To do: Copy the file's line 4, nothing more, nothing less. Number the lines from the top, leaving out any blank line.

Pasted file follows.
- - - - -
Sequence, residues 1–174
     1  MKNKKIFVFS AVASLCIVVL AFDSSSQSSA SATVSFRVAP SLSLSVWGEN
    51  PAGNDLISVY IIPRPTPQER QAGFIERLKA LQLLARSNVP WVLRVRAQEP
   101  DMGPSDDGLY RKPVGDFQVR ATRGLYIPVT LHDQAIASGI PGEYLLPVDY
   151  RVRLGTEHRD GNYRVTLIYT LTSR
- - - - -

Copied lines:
   101  DMGPSDDGLY RKPVGDFQVR ATRGLYIPVT LHDQAIASGI PGEYLLPVDY